School Stress: 5 Myths About Stimulant Abuse

Drug and Alcohol News ( - Wed, 08/31/2016 - 9:15am

This is the second post in our weekly fall School Stress series, a back-to-school toolkit for parents on how to best navigate their teen’s stress and anxiety — explored in our documentary BREAKING POINTS.

Being a student today can be really tough, and often teens will feel tempted to “solve” their academic and social problems with prescription stimulants. While prescription stimulants are medically used for treating real diagnosed conditions such as attention deficit hyperactivity disorder (ADHD), some teens abuse them in an attempt to feel alert, focused and full of energy when they need to manage stressful schoolwork or feel as if they need to “pull an all-nighter.” The truth is that teens don’t necessarily have all of the facts.

Check out these five myths about stimulant abuse.

– 1 –

MYTH: Everybody’s doing it. FACT: While it certainly may feel like everyone’s doing it, studies show that, of teens using prescription stimulants, one in 5 take pills not prescribed to them.

– 2 –

MYTH: Stimulants will increase my GPA. FACT: Studies show that GPA is actually lower in students that take stimulants without a prescription written for them. In students that are prescribed stimulants to treat ADHD, studies show that while their ADHD symptoms improve, their GPA does not increase.

– 3 –

MYTH: It makes everyone study better. FACT: Many people that take unprescribed prescription stimulants experience anxiety, nervousness, loss of appetite and sleep deprivation—all of which interferes with studying and performance on exams.

– 4 –

MYTH: Stimulants are harmless. FACT: Data gathered from emergency room visits show that unprescribed stimulants can cause anxiety, sleep deprivation, stroke, psychosis and—perhaps most surprisingly to teens—addiction.

– 5 –

MYTH: Mixing stimulants with alcohol is safe and will help me stay awake and drink longer. FACT: Since stimulants can mask the effects of alcohol and cause the user to consume more alcohol than they normally would, mixing stimulants with alcohol puts “uppers” and “downers” at odds with each other, and thus increases the likelihood of DUI, alcohol poisoning, accidents and even death.


Talk with your teen to help them understand the dangers of prescription stimulant abuse and how they can better handle pressure they may feel to abuse this medicine. Be sure to:

  • Offer empathy and compassion to your teens and let them know you understand the pressure and stress they may be going through.
  • Acknowledge that everyone struggles sometimes, but taking prescription stimulants is not a useful or healthy way to cope.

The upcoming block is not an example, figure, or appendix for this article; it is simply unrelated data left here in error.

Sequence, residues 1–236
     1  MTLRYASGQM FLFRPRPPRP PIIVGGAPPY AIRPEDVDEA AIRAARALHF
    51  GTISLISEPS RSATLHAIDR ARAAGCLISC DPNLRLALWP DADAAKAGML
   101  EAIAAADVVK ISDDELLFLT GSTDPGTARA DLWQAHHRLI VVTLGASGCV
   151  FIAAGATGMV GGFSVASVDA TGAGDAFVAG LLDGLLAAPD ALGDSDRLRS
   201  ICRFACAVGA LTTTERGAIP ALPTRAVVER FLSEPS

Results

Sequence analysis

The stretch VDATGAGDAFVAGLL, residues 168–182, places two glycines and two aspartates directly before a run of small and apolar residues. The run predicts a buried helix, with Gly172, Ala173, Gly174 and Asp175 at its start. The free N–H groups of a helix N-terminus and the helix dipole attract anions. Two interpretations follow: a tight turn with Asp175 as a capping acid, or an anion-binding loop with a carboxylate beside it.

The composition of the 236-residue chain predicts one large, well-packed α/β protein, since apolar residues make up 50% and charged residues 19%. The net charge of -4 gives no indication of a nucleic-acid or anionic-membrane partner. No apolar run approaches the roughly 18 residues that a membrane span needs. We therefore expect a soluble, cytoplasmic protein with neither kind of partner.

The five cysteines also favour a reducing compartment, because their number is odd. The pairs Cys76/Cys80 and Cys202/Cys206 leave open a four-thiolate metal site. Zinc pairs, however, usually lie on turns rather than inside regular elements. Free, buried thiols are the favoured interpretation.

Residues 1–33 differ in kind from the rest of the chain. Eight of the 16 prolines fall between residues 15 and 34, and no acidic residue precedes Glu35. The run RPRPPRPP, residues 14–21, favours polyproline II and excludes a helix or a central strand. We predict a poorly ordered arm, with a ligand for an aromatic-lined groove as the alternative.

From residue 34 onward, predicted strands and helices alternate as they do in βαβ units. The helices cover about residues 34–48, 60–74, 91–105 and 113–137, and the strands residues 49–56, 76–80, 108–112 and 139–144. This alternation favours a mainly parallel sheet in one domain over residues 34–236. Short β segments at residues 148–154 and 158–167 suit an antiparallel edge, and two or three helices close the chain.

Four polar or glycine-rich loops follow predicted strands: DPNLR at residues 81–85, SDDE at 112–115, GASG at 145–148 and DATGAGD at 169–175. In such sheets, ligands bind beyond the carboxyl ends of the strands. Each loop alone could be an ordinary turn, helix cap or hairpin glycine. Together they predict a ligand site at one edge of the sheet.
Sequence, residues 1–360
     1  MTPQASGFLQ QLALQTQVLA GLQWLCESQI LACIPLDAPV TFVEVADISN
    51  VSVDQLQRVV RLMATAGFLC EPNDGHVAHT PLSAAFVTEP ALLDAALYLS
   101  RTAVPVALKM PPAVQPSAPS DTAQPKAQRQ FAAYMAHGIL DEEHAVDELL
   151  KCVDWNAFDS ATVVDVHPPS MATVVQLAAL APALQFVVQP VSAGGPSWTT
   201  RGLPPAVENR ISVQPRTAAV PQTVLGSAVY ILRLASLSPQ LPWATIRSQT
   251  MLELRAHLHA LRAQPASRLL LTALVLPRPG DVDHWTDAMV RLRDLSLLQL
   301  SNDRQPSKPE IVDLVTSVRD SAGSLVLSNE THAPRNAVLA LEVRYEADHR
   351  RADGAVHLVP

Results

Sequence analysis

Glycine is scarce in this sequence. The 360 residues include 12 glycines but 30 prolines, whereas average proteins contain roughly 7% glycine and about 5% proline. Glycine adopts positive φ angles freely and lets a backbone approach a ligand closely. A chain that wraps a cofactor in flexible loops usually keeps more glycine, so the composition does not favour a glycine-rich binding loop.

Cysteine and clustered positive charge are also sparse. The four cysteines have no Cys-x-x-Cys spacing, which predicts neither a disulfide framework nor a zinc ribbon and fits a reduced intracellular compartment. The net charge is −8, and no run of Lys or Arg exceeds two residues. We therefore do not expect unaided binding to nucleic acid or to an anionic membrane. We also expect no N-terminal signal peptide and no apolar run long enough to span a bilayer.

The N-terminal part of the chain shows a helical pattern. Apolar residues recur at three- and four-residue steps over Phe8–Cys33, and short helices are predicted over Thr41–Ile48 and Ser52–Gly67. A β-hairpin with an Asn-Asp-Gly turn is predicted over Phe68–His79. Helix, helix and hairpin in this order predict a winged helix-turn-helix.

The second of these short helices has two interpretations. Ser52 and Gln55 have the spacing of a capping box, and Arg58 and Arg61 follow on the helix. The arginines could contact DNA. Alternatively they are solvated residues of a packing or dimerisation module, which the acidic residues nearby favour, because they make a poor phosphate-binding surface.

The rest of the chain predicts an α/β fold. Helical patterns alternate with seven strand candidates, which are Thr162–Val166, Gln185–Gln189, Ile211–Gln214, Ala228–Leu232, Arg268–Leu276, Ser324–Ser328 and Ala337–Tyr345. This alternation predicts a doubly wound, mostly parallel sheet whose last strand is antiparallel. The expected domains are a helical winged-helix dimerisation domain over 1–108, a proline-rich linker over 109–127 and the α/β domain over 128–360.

• Remind them that you are there for support and guidance – and that it’s important to you that they are healthy and happy and make safe choices.

To Help Your College Student Handle Stress and Anxiety:

  • Talk regularly about the dangers of drinking and using drugs, including abusing prescription drugs not prescribed to him or her.
  • Help him or her discover what healthy study methods work best. Look into time management and study techniques so he or she can be better organized and not have to cram for tests.
  • Explore study and stress management resources and programs at your child’s school and in your community.

Watch the trailer for BREAKING POINTS, our film exploring teen stress and pressure and the unhealthy ways many cope, including abusing Rx stimulants.

We thank Dr. Josh Hersh, Staff Psychiatrist at Florida Gulf Coast University, for his help in preparing this post.

The post School Stress: 5 Myths About Stimulant Abuse appeared first on Partnership for Drug-Free Kids.

Categories: Bup Feeds

First Dutch national guidelines--pharmacological care for detained opioid addicts.

Buprenorphine Research (PubMed) - Wed, 08/31/2016 - 6:37am
Related Articles

First Dutch national guidelines--pharmacological care for detained opioid addicts.

Int J Prison Health. 2009;5(4):192-200

Authors: Arends MT, De Haan HA, Van 't Hoff GI

Heterogenic care of addicted detainees in the various prisons in The Netherlands triggered the National Agency of Correctional Institutions of the Ministry of Justice, to order the Dutch Institute for Health Care Improvement (CBO) to formulate the first national guideline titled 'Pharmacological care for detained addicts'. This article presents the content of this guideline, which mainly focuses on opioid-dependent addicts. In The Netherlands, approximately 50% of the detainees are problematic substance abusers, while again half of this group suffers from psychiatric co-morbidity. In addition, somatic co-morbidity, especially infectious diseases, is also common. Due to the moderate outcome seen with voluntary drug counselling regimes in prison, there is a policy shift to extent utilization of legally enforced approaches. Continuity of care is of great importance. In case of opioid addicts this, in general, means continuation of methadone maintenance treatment. Aftercare immediately after detention and optimalization of medical information transfer is crucial. This guideline aims to realize optimal and uniform management of addiction disorders in the Dutch prison system.

PMID: 25757520 [PubMed - in process]

Categories: Bup Feeds